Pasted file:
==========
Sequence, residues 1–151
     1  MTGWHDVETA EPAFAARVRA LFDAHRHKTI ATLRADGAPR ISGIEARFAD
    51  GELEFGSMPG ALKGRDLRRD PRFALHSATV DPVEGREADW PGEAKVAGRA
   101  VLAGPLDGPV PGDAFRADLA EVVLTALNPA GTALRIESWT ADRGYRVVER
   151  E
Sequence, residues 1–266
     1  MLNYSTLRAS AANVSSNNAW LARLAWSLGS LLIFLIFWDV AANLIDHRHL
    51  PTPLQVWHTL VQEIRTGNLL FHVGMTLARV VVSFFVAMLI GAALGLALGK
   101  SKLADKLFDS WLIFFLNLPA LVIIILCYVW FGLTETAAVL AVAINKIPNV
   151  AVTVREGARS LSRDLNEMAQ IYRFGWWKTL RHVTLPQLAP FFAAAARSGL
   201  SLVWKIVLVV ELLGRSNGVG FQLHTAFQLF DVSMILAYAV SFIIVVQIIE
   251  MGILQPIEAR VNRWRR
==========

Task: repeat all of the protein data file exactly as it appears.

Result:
Sequence, residues 1–151
     1  MTGWHDVETA EPAFAARVRA LFDAHRHKTI ATLRADGAPR ISGIEARFAD
    51  GELEFGSMPG ALKGRDLRRD PRFALHSATV DPVEGREADW PGEAKVAGRA
   101  VLAGPLDGPV PGDAFRADLA EVVLTALNPA GTALRIESWT ADRGYRVVER
   151  E
Sequence, residues 1–266
     1  MLNYSTLRAS AANVSSNNAW LARLAWSLGS LLIFLIFWDV AANLIDHRHL
    51  PTPLQVWHTL VQEIRTGNLL FHVGMTLARV VVSFFVAMLI GAALGLALGK
   101  SKLADKLFDS WLIFFLNLPA LVIIILCYVW FGLTETAAVL AVAINKIPNV
   151  AVTVREGARS LSRDLNEMAQ IYRFGWWKTL RHVTLPQLAP FFAAAARSGL
   201  SLVWKIVLVV ELLGRSNGVG FQLHTAFQLF DVSMILAYAV SFIIVVQIIE
   251  MGILQPIEAR VNRWRR